Einstein’sequations of General Relativity predict that gravitational energy can travel by creating ripples in the fabric of spacetime. The search for these gravitational waves has been underway since the mid-1960s. There have been several generations of ever-more-sensitive gravitational wave detectors, culminating in the Advanced LIGO technology,which in 2016 detected gravitational waves created by the merger of two black holes. In his talk, Comins will present the theory, history, technology, and recent results surrounding this research.

This event takes place from 12:45-2:00 pm in COAS Room 207

Friday, September 30, 2016
Astronomy Open House and Lecture

Lecture by Neil Comins, "What if the Moon Didn't Exist"

Exploring alternative versions of Earth is a very powerful tool for understanding our planet, as well as for creating new worlds to explore both scientifically and through science fiction. In this talk, astronomer Neil F. Comins will explore what the Earth would be like if the Moon had never formed. The differences are staggering, as are the consequences for life on that world.

The lecture will be held in the Willie Miller Center Auditorium at 7:00 p.m. The Astronomy Open House will be in the College of Arts & Sciences from 8:00 p.m. to 11:00 p.m.

Monday, October 3, 2016
Mark Newpower

Colloquium Lecture

One of the largest health risks to astronauts on a mission to Mars will be radiation exposure.Radiation from galactic and solar sources,along with the Van Allen belts create an environment that needs to be carefully understood before a manned mission to Mars is undertaken. For a theoretical 2.5 year mission the estimated effective radiation dose to crew members exceeds current dose limits of radiation workers by a factor of 8.This presentation is meant to be an introduction to radiation biology and radiation risk from the perspective of a medical physicist. The proton and ion radiation present in the solar systemwill be discussed,along with the biological effects of such radiation. There will also be a brief discussion of proton and heavy ion therapy, where protons and ions such as helium and carbon are accelerated to kinetic energies sufficient to penetrate several centimeters into the body and kill cancer. The presentation will wrapup with an overview of the current medical research in biological modeling of proton therapy.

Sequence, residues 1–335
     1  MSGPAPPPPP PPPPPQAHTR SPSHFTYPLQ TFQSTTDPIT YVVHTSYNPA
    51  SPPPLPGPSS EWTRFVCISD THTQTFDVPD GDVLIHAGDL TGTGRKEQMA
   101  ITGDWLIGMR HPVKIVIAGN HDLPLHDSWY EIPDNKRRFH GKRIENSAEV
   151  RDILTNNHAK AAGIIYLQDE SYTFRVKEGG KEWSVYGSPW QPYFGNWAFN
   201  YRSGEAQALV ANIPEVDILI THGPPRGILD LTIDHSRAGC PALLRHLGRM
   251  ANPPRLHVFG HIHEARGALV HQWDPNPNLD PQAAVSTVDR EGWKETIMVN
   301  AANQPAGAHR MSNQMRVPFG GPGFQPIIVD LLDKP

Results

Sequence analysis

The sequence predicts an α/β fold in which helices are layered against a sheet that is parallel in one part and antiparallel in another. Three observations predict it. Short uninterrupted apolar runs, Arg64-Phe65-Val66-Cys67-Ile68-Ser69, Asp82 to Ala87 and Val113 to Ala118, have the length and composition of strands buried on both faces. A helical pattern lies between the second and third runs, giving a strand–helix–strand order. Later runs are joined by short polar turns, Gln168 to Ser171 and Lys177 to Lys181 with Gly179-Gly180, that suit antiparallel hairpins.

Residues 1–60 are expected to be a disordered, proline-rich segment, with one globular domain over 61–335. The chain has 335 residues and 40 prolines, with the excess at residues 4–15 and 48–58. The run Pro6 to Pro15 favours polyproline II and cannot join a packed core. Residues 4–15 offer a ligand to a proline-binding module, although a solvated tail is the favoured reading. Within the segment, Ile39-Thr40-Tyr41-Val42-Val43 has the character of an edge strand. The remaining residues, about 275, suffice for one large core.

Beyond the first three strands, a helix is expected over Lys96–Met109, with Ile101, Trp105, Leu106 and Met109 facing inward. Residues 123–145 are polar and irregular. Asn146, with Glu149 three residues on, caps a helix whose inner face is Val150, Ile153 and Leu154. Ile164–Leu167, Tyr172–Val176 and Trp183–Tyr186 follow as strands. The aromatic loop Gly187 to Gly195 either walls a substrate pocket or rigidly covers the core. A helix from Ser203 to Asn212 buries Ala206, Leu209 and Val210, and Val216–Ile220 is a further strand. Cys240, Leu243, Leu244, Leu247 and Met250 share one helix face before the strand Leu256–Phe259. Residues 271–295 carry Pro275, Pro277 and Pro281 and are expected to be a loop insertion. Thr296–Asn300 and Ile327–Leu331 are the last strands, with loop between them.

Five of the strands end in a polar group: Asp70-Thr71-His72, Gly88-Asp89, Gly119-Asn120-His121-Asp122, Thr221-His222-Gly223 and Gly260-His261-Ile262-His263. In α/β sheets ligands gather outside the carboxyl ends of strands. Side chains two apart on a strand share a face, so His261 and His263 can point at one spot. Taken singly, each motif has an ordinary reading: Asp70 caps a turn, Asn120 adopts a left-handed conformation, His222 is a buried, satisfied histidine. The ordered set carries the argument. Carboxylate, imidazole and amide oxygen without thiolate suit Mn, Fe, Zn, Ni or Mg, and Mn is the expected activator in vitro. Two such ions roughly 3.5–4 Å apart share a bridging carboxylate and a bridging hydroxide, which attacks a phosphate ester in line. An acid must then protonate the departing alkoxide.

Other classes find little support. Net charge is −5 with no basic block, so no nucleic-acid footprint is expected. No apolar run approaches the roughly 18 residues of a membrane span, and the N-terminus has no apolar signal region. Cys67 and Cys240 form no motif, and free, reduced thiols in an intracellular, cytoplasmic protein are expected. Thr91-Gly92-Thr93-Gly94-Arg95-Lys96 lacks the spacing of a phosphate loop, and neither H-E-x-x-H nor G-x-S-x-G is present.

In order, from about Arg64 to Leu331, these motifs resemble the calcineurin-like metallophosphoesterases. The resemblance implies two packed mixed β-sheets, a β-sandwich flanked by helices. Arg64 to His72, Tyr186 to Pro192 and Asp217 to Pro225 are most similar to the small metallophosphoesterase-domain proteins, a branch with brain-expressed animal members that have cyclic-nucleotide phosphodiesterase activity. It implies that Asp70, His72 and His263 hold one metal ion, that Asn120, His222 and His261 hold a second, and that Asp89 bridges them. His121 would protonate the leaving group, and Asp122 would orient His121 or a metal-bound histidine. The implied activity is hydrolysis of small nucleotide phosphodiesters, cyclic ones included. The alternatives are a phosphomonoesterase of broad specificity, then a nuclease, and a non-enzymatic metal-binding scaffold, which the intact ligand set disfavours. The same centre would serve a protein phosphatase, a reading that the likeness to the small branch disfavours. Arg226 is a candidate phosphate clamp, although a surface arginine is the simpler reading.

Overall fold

Please note that this event begins at 12:00 noon and is held in COAS 315.

Thursday, October 6, 2016
Thomas Vogel

Colloquium Lecture

Thursday, October 13, 2016
John Olivero

Colloquium Lecture

Thursday, October 27, 2016
William Barott

A Sea of Signals: Passive Radar and Communications in a Congested Spectrum

Friday, October 28, 2016
Astronomy Open House and Lecture

Lecture by Ron Oliversen on NASA's Juno Mission

The lecture will be held in the Willie Miller Center Auditorium at 7:00 p.m. The Astronomy Open House will be in the College of Arts & Sciences from 8:00 p.m. to 11:00 p.m.

Friday, November 18, 2016
Astronomy Open House and Lecture

Lecture by Robert Fleck, "From Dust to Dust: the Life Cycle of Stars"

The lecture will be held in the Willie Miller Center Auditorium at 7:00 p.m. The Astronomy Open House will be in the College of Arts & Sciences from 8:00 p.m. to 11:00 p.m.